One hobby I've taken up during the quarantine of 2020 has been learning a new language. I've completed a couple language learning courses, but one free, self-directed method I use has proven to be very effective and a gift that keeps on giving: Find music in your target language and learn the language through its lyric translations.
The first step in this method is the most fun: Explore music in your target language. Create a new, empty playlist in your music streaming app of choice (or just start a list on paper) and add music you come across that you like. You can start with popularity charts, for your favorite musical genres, for countries that speak your target language.
You need to be very selective here; don't add songs that you don't really like. You need to really like a song so that
- You actually enjoy listening to the song over and over again and
- You're naturally interested in learning the lyrics.
Great, now you've found some songs you enjoy but you have no idea what the artist is actually saying. This is where the magic of Google comes in1.
Go to google.com and search for the name of the song, the name of the artist,
and "lyrics". For example,
nunca es suficiente los ángeles azules lyrics:
Now you have the lyrics for the song in just the song's language.
At the bottom of the lyrics you should see a button that says "Translate to English"2:
Click that button and you'll see the lyrics portion of the page change to provide line-by-line translations from the song's original language into English3:
With your translation in front of you, review it line by line and try to make sense of what you can. First, give each line pairing a read through. Write down questions you have around grammar and vocabulary to capture your gaps in understanding.
Next, play the music and follow along with the words on screen as they're played. I recommend singing out loud. Again, write down questions you have around pronunciation to capture your gaps in understanding.
Why sing? Singing the words like the artist sings them will strengthen your pronunciation and advance your fluency.
In your listening, you may notice that the pronunciation of a given word varies depending on the sounds before and/or after them. Singing provides you with opportunities to practice these irregularities as well as general practice with the sounds of your target language.
Tip: If the words are being sung faster than you can track or pronounce at your current level of fluency, I recommend using YouTube to find and play the song at a reduced speed.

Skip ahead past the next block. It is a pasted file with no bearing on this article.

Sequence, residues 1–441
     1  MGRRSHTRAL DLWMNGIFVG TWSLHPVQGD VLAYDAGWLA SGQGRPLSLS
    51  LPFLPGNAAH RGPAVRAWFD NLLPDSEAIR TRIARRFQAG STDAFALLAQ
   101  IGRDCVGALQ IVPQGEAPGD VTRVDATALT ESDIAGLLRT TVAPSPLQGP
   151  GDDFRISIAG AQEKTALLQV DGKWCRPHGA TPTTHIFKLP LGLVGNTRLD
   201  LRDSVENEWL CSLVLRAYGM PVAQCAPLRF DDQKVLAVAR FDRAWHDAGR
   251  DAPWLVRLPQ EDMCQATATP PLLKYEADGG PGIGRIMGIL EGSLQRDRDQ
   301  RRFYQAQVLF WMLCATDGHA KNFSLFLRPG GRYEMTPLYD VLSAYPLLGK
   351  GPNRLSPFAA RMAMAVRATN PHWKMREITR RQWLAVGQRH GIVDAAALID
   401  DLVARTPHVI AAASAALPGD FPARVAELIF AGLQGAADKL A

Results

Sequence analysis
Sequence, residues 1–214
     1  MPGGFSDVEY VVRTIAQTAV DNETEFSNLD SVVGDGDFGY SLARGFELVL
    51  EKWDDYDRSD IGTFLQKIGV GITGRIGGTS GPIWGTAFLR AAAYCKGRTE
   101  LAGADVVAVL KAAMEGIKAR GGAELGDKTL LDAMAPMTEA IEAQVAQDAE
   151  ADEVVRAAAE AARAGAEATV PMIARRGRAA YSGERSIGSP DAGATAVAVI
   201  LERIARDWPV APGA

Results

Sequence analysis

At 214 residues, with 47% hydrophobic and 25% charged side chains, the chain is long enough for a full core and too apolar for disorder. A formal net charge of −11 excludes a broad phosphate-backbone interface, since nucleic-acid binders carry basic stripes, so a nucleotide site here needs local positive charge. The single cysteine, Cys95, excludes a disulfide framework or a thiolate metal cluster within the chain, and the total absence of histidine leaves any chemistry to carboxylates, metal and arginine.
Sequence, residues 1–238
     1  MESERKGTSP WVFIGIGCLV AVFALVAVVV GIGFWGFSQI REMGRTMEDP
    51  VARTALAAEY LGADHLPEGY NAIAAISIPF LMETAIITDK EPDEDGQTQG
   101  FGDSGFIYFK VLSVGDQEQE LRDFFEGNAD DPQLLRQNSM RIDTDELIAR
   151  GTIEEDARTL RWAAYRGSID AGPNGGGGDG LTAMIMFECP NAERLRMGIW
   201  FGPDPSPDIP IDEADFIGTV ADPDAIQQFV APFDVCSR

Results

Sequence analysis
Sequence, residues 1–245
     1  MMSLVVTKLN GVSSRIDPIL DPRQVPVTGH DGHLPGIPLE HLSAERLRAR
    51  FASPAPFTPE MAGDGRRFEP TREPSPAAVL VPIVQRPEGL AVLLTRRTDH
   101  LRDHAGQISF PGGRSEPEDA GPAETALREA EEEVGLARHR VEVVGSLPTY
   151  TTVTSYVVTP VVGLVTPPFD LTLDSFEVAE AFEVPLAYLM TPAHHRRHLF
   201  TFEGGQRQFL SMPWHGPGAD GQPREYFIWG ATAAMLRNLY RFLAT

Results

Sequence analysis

Do this by adjusting the "Playback speed" in the "Settings" of the player like so:
Do this read-listen-sing exercise for the whole song until you're satisfied that you've understood most of the lyrics and have committed most of it to memory.
Why just most? Because it's the best you and Google can do. You're going to encounter translations that are "strange" or just plain wrong for the given context.
At this point, you should have a list of questions from this song that you need to ask a native speaker. Ask them now. The more questions you ask, the more you'll be able to recognize mistranslations in the future and, of course, the more you'll learn in general.
And in the spirit of spaced repetition, don't forget to revisit this song from time to time so you don't forget your learnings. You do like this song after all, right?
In my experience, this has been a powerful way to learn and internalize real-world grammar, vocabulary, and pronunciation. It's fun and doesn't feel like studying at all. Plus, engaging with music further immerses yourself into the world of the language you're learning. And immersion is the single most effective way to learn a language.
And if you're curious, here is the song used as the example throughout this article:
What's your favorite self-directed language learning method? Tell me in the comments below.
I say "Google" specifically, because I haven't seen other search engines perform translations inline, on the first page of results, like Google does. ↩︎
This button's language will vary depending on the language Google detects for your computer and/or location. ↩︎
See #2 above. This is English, for my computer and location. ↩︎
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